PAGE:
* Entertainment Weekly just posted a Q&A with Lethem about the book that goes into far more depth; for fans of his or of the album, the link is here.

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This super-secret business seems to be hiding in plain sight. I’d like to say I shot the photo using a miniature camera hidden in my tie, but that wouldn’t be true. Seen at Sixth and Mountain, Ontario.

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Remembering Thunderbird Lanes




Thunderbird Lanes, 1555 N. Mountain Ave., was a bowling alley just below the 10 Freeway in Ontario that operated from 1960 until about 1991. It was torn down in 1996 to make way for the Edwards 14 multiplex. A vertical pole sign spelled out the name Thunderbird and was crowned by a neon-edged bird, wings extended.

As Charles Phoenix’s “Cruising the Pomona Valley, 1930 Thru 1970,” the source of the above rendering, put it:

“Visible from miles around, perched high above the action below, the giant spread eagle thunderbird with a 17 foot wingspan was aglow in yellow neon and alive with red light bulb eyes.”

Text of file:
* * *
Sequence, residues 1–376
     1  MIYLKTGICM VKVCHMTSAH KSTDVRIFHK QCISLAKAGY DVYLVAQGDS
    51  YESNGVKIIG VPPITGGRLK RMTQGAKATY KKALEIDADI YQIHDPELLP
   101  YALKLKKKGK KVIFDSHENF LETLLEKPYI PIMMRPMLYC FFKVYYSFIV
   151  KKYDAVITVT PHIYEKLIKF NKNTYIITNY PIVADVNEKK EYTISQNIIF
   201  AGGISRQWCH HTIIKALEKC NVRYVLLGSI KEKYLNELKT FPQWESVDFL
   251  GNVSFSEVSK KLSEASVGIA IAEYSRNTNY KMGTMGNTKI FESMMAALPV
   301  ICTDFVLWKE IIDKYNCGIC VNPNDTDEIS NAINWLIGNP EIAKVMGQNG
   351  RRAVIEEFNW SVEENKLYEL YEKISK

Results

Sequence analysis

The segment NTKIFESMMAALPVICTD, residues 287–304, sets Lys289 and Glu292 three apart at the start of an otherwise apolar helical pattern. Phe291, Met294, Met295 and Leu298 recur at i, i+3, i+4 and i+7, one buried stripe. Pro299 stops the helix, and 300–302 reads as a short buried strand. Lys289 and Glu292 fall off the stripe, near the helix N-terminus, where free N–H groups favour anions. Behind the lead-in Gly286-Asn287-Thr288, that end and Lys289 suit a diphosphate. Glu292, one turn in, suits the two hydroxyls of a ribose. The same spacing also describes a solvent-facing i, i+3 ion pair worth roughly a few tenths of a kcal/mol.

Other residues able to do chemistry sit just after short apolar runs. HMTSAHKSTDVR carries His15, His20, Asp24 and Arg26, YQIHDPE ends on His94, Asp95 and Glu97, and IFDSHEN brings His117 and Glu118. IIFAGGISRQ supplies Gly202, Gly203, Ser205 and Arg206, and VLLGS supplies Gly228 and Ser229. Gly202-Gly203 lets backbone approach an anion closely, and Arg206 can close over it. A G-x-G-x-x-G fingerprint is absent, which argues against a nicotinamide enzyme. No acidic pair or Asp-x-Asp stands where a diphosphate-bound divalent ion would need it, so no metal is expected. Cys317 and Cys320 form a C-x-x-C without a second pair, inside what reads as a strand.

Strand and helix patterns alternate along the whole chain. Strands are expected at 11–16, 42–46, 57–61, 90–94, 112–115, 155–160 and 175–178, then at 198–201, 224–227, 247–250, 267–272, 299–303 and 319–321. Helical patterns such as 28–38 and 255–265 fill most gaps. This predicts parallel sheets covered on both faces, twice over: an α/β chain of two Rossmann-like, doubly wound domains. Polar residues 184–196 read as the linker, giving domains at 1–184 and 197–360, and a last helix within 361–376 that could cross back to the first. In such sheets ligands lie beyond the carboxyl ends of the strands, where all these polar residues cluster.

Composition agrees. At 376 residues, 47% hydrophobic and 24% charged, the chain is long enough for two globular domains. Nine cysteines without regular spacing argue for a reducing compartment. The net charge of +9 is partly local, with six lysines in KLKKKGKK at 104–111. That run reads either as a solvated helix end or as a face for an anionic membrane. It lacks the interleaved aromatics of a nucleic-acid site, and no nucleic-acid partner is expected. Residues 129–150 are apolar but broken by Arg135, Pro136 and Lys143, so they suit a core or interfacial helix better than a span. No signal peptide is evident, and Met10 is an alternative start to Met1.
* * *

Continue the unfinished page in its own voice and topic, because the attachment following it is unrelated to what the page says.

I never bowled there, arriving after the center closed, but I remember the sign being just tall enough that from the freeway the bird could be seen peeking above the barrier.

At the Ontario Library’s Model Colony History Room, I paged through some phone books for information. The nifty 1960 ad at right notes that the Thunderbird, 1555 N. Mountain Ave., had 32 lanes and “free instruction.” The 1968 ad boasts that the Thunderbird had a “Daytime Housewives’ Leagues” (!) and was open 24 hours (!!). Definitely a good era for bowlers.

By the 1980 ad, the only portion still open 24/7 was the Thunderbird’s coffee shop, named the Trucker’s Spot. Makes me wonder if passing truckers had been among the night-owl bowling crowd.